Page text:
(Pictured: Billy Joel picks up a guitar, 1986.)
It’s a reasonably common literary trope, I guess: that fading, end-of-summer vibe, the last couple of weeks of summer vacation when you were still in school, or an August week or weekend spent away from work, at the lake or in the mountains in adult life. Such tales almost always involve something slipping away, changes coming, holding on to something precious, that kind of thing. It’s a fertile field for a memoirist to plow, and you’ve read a lot of stuff like that. (And not just at this website, where we specialize in it.)
What we can’t always see clearly is what those times felt like while we were living them. Did I look at the calendar back there in, say, August 1972, see the first day of school looming there, and think, “I should hang onto these days because they will soon be gone”? How about August 1976, as my summer of all summers turned toward the autumm of all autumns? Or August 1986, by which time I was out in the working world? Did it feel to me like summer was fading, or was I too busy with the day-to-day routine of programming a radio station and hosting a morning show?
Today, there are narratives, but they’re retroactively applied. For 1986, it’s not just the narrative of a summer, but of the arc of my career and ultimately, my life. Today, I know that I had already made a critical choice that would change the course of my career. And the narrative had a second part that had nothing to do with the first: leaving my radio station in December and moving to a new city in January 1987.
If, in my head, the summer of 1986 had a narrative while I was living it, it wasn’t either of those.
That’s a weird way to introduce a few thoughts about the American Top 40 show from August 16, 1986, but it’s what I found myself pondering as the show went along. I have just enough of the word count left to get started; we’ll finish it up in a future installment.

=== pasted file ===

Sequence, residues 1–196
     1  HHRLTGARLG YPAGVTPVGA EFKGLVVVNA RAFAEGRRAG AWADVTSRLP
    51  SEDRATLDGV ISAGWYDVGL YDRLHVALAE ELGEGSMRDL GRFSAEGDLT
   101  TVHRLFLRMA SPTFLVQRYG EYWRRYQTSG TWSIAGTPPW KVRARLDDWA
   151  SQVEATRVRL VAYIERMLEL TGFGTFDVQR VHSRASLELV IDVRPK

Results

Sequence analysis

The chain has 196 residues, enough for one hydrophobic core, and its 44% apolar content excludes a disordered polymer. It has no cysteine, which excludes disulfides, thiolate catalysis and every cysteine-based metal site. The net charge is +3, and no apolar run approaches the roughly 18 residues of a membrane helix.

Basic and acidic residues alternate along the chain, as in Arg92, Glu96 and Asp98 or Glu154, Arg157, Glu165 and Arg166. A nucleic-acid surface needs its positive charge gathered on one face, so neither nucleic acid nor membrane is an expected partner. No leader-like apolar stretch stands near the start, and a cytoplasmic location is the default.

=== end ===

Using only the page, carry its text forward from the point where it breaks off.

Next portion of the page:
40. “Two of Hearts”/Stacey Q. During the football season of 1986, I made a bet with a DJ friend on the outcome of a game between the colleges in the towns where we worked. The loser had to sing along with “Two of Hearts” on the winner’s show. I hated “Two of Hearts” back then. Today I realize that what I hate is the stuttering electronic “I-I-I-I-I-I need you” effect. The rest of the song isn’t nearly so awful.
(I won the bet.)
38. “Take It Easy”/Andy Taylor. I have utterly no memory of “Take It Easy,” but I do remember the spate of Duran Duran side projects, including Arcadia, Power Station, and various solo singles. Apart from Power Station, none of them did much for me, and I dug Power Station because I was a Robert Palmer fan.
37. “Modern Woman”/Billy Joel. “Modern Woman” is probably meant to sound like a progressive take on 80s relationships but it comes off smug nevertheless; Billy can’t hide his condescension even though “she’s got style and she’s got her own money.” Notable lyric line: “After 1986 what else could be new?”
36. “Digging Your Scene”/Blow Monkeys
34. “The Captain of Her Heart”/Double
I adored “Digging Your Scene” back then, and I still like it today, even though the Blow Monkeys sound to me like they want to be funky but not break a sweat. “The Captain of Her Heart” represents an impressive level of white-boy soul for two dudes from Switzerland.
35. “Hanging on a Heart Attack”/Device. Device was fronted by Holly Knight, who would become one of the most esteemed songwriters in the business over the next three decades. I can’t say whether or not I like “Hanging on a Heart Attack,” but I can tell you that few records sound more like 1986.